(WDGR Lesson 12: “Showing Respect for Life and Blood”)
(CONTINUED FROM A PREVIOUS DIALOGUE)
CINDY: Karen, last week we talked about blood transfusions and how God’s law commands us to abstain from blood. We discussed the fact that while “Jehovah’s Witnesses do not accept transfusions of whole blood or of its primary components (red cells, white cells, platelets, or plasma),” some “Jehovah’s Witnesses accept injections of a blood fraction, such as immune globulin or albumin” made from blood plasma.1.
KAREN: That’s right Cindy. Last week, I had asked if a fraction of blood is still a blood substance, why do Jehovah’s Witnesses accept these when the Bible says to abstain from blood? A person is not “abstaining…from blood” if he is taking in fractions of the blood, is he?
CINDY: Well, Karen, the “Questions From Readers” portion of the June 15, 2000 Watchtower discusses this very issue. The Society notes that “Some [Jehovah’s Witnesses]…refuse anything derived from blood (even fractions intended to provide temporary passive immunity). That is how they understand God’s command to ‘abstain from blood.’…Their sincere, conscientious stand should be respected.” Then, the Society went on to state “Other Christians decide differently.… ‘Questions From Readers’ in The Watchtower of June 1, 1990, noted that plasma proteins (fractions) move from a pregnant woman’s blood to the separate blood system of her fetus. Thus…some Christians may conclude that since blood fractions can pass to another person in this natural setting, they could accept a blood fraction derived from blood plasma or cells.” 2.
KAREN: Cindy, is the Watchtower Society reasoning that it is not a violation of God’s blood law to take small fractions of primary blood components because plasma proteins move naturally from the blood system of the mother to the child?
CINDY: Yes, that’s right, Karen. But just as the Society noted in the June 1990 Watchtower “The mother does not pass her blood into the fetus. Formed elements (cells) from the mother’s blood do not cross the placental barrier into the fetus’ blood.”3. So while Jehovah’s Witnesses note that blood fractions “move naturally” from mother to child, primary blood components such as red and white blood cells do not. Therefore, Jehovah’s Witnesses consistently reject “whole blood, red cells, white cells, platelets, or blood plasma.”4.
KAREN: Cindy, did you know that white cells are in the human milk that a mother breast-feeds her baby? The book Breastfeeding—A Guide for the Medical Profession notes that “Both T- and B-lymphocytes [white blood cells5. ] are present in human milk and colostrom and are part of the immunologic system in human milk.”6. Since white blood cells “move naturally” from mother to child, why does the Watchtower Society view white blood cell transfusions as a violation of God’s Law? If Jehovah’s Witnesses take blood plasma fractions because they “move naturally” from a pregnant mother to her baby, why don’t they also take transfusions of white blood cells?
CINDY: Karen, that’s a good question. I really don’t know why.
KAREN: Cindy, as you know, the Society stated in the June 1990 Watchtower that “Formed elements (cells) from the mother’s blood do not cross the placental barrier into the fetus’ blood.” But did you know that the book A Pictorial Handbook of Anatomy and Physiology notes that “In the last weeks of pregnancy small numbers of the baby’s red cells escape through the placenta into the mother’s circulation”?7.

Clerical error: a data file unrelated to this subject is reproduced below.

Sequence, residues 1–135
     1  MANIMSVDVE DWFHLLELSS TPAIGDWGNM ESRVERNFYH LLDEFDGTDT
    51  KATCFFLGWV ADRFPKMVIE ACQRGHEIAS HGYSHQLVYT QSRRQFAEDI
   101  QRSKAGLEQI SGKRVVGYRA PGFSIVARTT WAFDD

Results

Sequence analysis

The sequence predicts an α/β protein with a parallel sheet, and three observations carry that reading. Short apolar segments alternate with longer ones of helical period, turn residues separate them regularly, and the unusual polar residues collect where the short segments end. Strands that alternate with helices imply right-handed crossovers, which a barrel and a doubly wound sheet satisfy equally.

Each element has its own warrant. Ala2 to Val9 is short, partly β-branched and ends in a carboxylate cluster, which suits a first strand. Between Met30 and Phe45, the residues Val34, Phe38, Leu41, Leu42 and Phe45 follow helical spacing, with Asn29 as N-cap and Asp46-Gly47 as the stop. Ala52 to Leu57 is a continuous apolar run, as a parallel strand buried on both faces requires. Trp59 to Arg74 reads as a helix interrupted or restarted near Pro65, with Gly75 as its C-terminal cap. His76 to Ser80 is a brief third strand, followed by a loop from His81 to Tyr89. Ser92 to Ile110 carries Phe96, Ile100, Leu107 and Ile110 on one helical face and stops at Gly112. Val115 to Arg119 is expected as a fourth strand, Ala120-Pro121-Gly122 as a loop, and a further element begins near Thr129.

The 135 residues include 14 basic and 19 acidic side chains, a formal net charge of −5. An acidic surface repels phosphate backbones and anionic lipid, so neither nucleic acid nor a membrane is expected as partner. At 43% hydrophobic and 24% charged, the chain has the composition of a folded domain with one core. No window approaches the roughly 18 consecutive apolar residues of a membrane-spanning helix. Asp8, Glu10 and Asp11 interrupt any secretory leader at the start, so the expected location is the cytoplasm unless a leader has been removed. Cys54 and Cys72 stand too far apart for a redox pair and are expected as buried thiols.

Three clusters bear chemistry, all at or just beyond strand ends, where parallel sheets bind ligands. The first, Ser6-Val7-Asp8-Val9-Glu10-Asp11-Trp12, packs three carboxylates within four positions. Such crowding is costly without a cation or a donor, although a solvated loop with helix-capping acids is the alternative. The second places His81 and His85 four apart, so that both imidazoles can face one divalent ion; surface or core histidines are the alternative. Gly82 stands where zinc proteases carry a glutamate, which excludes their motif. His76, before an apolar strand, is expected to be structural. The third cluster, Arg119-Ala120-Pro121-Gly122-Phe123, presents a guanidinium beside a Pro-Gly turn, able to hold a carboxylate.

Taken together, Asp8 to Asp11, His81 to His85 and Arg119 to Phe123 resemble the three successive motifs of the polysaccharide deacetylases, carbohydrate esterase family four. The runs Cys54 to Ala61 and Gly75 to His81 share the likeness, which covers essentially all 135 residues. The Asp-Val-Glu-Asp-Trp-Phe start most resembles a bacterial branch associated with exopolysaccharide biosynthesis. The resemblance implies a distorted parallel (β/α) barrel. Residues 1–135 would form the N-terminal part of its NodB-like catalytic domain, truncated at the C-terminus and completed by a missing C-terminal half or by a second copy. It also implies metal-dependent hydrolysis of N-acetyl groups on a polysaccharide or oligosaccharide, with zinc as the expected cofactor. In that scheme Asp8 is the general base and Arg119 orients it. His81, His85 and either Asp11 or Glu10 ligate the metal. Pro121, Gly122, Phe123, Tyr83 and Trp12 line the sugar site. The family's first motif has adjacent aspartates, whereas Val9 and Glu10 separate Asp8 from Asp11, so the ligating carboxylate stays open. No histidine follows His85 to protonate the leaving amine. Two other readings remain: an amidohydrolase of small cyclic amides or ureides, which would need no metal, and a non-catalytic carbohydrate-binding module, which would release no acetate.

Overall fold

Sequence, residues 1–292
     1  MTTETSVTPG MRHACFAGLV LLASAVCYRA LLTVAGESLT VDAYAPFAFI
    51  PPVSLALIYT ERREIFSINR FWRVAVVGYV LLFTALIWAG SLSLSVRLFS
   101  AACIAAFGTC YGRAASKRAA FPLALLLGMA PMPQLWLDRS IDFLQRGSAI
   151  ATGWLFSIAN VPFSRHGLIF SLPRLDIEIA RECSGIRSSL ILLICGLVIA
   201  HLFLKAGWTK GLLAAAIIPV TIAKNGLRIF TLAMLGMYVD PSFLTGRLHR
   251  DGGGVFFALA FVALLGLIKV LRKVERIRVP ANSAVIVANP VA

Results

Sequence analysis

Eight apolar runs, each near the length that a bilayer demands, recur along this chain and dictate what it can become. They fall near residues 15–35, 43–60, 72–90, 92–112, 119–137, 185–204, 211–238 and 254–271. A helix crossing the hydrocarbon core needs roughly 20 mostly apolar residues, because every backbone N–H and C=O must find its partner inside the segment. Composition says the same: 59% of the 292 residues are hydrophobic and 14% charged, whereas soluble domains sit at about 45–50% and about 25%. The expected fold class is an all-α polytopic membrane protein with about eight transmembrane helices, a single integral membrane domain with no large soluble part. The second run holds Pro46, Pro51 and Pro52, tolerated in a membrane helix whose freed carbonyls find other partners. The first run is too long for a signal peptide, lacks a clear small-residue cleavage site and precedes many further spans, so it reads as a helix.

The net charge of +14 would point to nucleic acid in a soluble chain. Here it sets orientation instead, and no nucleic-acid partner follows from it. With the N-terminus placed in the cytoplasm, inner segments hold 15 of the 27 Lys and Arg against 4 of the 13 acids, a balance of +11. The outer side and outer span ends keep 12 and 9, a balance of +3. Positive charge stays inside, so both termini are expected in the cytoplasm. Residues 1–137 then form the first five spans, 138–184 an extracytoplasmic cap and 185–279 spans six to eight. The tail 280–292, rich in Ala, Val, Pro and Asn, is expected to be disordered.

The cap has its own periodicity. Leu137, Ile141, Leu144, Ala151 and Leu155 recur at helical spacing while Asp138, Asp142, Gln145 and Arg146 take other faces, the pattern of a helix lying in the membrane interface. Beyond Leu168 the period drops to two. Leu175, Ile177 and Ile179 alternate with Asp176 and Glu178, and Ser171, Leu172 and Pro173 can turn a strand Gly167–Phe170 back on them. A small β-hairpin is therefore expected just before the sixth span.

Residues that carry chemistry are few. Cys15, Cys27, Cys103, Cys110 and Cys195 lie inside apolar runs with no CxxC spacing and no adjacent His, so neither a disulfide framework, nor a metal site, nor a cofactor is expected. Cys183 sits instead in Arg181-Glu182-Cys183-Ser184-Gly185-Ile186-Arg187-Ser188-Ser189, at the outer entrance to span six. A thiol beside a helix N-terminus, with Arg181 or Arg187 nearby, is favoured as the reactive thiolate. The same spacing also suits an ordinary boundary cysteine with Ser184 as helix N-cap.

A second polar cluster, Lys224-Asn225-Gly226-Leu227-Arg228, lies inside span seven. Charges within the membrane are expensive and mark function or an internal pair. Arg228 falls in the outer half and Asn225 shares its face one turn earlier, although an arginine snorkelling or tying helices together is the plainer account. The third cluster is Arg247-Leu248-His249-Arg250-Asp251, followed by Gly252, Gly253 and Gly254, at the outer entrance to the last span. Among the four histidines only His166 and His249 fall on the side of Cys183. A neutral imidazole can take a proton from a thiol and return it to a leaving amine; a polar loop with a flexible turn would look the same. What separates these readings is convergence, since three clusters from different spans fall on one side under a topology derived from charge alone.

CINDY: Wow! I didn’t know that.
KAREN: Cindy, not only does this transfer of red blood cells from the baby to the mother occur in the last weeks of pregnancy, but Doctors Frank Oski and Lawrence Naiman note in their book Hematologic Problems In the Newborn that “Accumulated evidence indicates that leukocytes [white blood cells], platelets, and erythrocytes [red blood cells] traverse the placental barrier.…Fetal red cells can be demonstrated in the maternal circulation in approximately 50 per cent of all pregnancies.”8.
CINDY: That’s interesting, Karen. But aren’t these doctors admitting that this transfer of red blood cells from the baby to the mother only happen in 50 percent of the pregnancies? Even the Society admits that “if by some injury the mother’s and the fetus’ blood mingle, health problems can later develop.”9. This is certainly not God’s design, is it?
KAREN: Cindy, whether it is God’s design or not, I cannot judge. But one thing I do question. If it is strictly against God’s law to have a blood transfusion, why does God allow it to occur in 50 percent of the pregnancies? Don’t you think that if the transfer of blood from the blood system of one person to another is a serious violation of God’s law, He would make certain that such transmission would not occur in any pregnancy at all? While it may be true that this occurred only in 50 percent of the pregnancies spoken of by Doctors Oski and Naiman, this says nothing of what happens in the course of labor. The book Conception to Birth—Epidemiology of Prenatal Development notes that it is “common” for “fetal blood cells [to] gain access to the maternal bloodstream…in the course of labor.”10. Since the entry of fetal red blood cells into the mother’s blood stream is common during pregnancy and labor, why does the Society continue to uphold its position that a blood transfusion is a violation of God’s law?
CINDY: I’m not sure Karen.
KAREN: Cindy do you remember how last week we talked about the fact that a blood transfusion is not the same as eating blood because it does not get digested when it is transfused into the veins of the body?
CINDY: Yes, Karen, and we also discussed how the Watchtower Society admits that blood is a tissue of the body and that a blood transfusion is nothing less than a tissue transplant.11.